2) Indoor air pollutants were monitored in different cooking places (in separate kitchen, in verandah, in

Figure 1. Location of sampling sites in Aligarh City.

multipurpose room and on open air) and use of different domestic cooking fuels (traditional/biomass fuels, modern/LPG) to diagnose the indoor air quality. For the purpose of monitoring of SPM (PM10, PM2.5), a handy sampler “Portable GRIMM Dust Monitor Series 1.109” and for monitoring gaseous pollutants (CO2, CO, SO2, NO, NO2) “YES-206” and “YES-205” handy samplers were used.

3) Linkages between different type of fuels used, kitchen locations, house type, and occurrence of tuberculosis was examined. The occurrence of tuberculosis in women was assessed with the help of self reported symptoms of tuberculosis which includes persistent cough, continuous fever, phlegm, chest pain, haemoptysis and other symptoms like breathlessness, sore throat, running nose etc.

3. Results and Discussion

Tuberculosis has been described as a barometer of social welfare. So the information regarding the socio-economic conditions of the sampled women respondents was collected with the help of questionnaire interviews which has been presented in table 1. Of the total sampled women respondents (2101) living in different parts of Aligarh city (27˚53'N latitude and 78˚4'E longitude, a medium sized city located in the fertile Gangetic plain of North India), 14 percent were from high income group, 30 per cent from medium, 31 per cent from low and 25 per cent from very low. Income determines man’s way of living, type of house, place of cooking and fuel used for cooking.

Of the total sample, 90 percent were in the reproductive age group (15 to 45 years) and were married, half of them were educated and only 23 percent were working. Half of the respondents were coming from nuclear families (spouse and children only) while rest coming from joint families (spouse, children, parents and families of other members). Nearly 23 percent reported of having more than 10 family members and 68 percent had 5 to 10 members indicating large family size (tables 1(a) and (b)). The type of house (kutcha/pucca or semi-pucca), number of rooms the household occupies (1, 2, 3+) and floor space per person in sleeping room (less than 10 sq. ft, 10 to 20, more than 20 sq.ft) also reflects the socio-economic background of the occupants. Table 1(c) shows the quality of housing occupied by the respondents, 67 percent lived in pucca houses (made of bricks, concrete, tiles asbestos etc.) and 33 percent lived in kutcha (made of mud, grass, leaves, thatched, bamboo etc.) and semipucca houses. About 39 percent lived in just one room and 40 percent were having less than 10 sq. ft. sleeping place. This again indicates crowding in homes.

Income-wise socio-economic characteristics of the sampled women respondents is presented in tables 1(a)-(c) show the plight of the lower income women respondents. Most of them were coming from joint families comprising of 5 to 10 and more than 10 members. Most of them were uneducated (88 percent) and unemployed (67 percent). Regarding their housing condition it was observed that mostly (64 percent) they were living in sub-standard kutcha/semi-pucca houses, having leaky thatched roofs, with mud or brick walls. Kutcha roof retains the smoke inside the room for longer duration. Most (94 percent) of the households occupied one room and had less than 10 sq. ft. (77 percent) and 10 to 20 sq. ft. (22 percent) floor space per person in the sleeping room. This shows crowding/congestion in their homes because of large family size and more than one family living in one room house. This will aggravate the occurrence of diseases especially tuberculosis which is a contagious diseases.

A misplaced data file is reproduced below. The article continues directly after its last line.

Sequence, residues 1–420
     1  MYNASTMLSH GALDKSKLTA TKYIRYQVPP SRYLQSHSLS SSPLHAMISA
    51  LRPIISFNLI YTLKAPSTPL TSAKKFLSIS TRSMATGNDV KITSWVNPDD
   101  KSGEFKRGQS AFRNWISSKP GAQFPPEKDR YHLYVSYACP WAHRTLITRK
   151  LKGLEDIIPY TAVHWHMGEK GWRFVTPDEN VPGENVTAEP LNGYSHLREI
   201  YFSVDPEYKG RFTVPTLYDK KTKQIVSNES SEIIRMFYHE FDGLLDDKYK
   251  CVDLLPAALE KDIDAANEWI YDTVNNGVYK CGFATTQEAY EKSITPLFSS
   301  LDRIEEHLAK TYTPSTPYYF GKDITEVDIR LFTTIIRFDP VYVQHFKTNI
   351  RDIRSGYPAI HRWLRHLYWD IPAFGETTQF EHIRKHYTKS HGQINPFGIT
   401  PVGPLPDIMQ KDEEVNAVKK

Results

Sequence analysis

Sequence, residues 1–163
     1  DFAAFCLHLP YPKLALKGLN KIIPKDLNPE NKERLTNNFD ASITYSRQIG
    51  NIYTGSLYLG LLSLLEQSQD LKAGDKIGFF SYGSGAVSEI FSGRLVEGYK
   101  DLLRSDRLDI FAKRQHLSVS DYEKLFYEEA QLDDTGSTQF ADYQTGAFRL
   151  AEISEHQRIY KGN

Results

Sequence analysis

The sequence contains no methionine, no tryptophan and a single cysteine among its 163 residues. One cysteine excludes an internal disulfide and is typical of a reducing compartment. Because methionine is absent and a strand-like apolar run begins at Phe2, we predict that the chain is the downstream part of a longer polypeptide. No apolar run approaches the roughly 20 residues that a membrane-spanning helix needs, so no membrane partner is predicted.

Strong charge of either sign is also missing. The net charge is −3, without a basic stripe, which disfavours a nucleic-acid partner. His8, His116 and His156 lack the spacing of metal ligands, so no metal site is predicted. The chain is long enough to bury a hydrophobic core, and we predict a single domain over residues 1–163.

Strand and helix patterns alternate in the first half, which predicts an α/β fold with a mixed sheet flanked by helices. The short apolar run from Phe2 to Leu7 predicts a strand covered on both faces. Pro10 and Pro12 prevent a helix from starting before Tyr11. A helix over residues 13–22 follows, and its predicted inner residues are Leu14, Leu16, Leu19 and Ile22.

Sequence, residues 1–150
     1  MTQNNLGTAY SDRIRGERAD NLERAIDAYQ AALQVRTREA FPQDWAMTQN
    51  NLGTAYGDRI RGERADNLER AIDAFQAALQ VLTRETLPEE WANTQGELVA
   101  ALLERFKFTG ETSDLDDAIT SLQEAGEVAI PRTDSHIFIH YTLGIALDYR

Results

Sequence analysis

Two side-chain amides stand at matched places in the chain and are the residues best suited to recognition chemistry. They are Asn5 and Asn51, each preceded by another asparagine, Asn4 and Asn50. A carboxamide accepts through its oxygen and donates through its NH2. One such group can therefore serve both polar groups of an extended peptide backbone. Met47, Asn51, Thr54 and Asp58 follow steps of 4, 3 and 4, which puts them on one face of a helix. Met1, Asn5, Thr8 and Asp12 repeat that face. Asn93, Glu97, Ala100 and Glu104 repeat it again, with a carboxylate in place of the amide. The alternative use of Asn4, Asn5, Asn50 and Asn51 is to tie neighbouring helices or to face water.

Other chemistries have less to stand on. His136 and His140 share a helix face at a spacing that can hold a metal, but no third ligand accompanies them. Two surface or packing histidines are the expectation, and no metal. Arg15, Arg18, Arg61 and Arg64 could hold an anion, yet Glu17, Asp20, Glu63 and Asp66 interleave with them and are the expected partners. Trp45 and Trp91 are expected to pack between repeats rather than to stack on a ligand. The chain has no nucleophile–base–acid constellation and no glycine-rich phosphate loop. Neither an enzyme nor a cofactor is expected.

4. Cooking Conditions: Place of Cooking, Type of Fuel/Stove Used and Its Exposure

Tables 2(a), 2(b) give information regarding the place of cooking (in separate kitchen, in verandah, in multipurpose room, in open air), ventilation at cooking locations, type of fuel/stove used for cooking (traditional (biomass fuels/chulhas), modern (LPG/LPG stoves)) and exposure to smoke and heat.

Regarding the place of cooking (table 2(a)), 53-percent reported that they do not have separate kitchen instead they cook indoors in verandah (25 percent), in a multipurpose-room (14 percent) and in open spaces (14 percent). About 47 percent households were cooking food in a separate kitchen (all the high income, 81 percent of medium, 28 percent of low and 2 percent of the very low income). Thus it was observed that it was the lower income women who were cooking either in the verandah (40 percent very low, 32 percent low), multipurpose room (31 percent very low, 19 percent of low) and in open space (27 percent very low, 21 percent low). Most of the lower income women (78 percent of very low and 43 percent of low) reported of absence of ventilation at cooking locations.

The results of questionnaire survey (table 2(a)) indicates a fuel transition as one moves from poor to wealthy households which reveals that women belonging to lower income group tend to use the traditional biomass fuels (agricultural residues/twigs, wood, dung cake, kerosene, coal, etc) and traditional stoves (chulhas, kerosene stoves etc.) in higher percentages (97 percent very low and 79 percent low). Although the traditional/biomass fuels are not clean and efficient, still they prefer it because of its affordability and local availability. The entire higher income group and 80 percent of the medium group

(a)(b)(c)

Table 1. Socio-economic characteristics (in percentages) of the sampled women respondents. (a) Age, marital status, family type and size; (b) Educational and occupational status; (c) House type and crowding.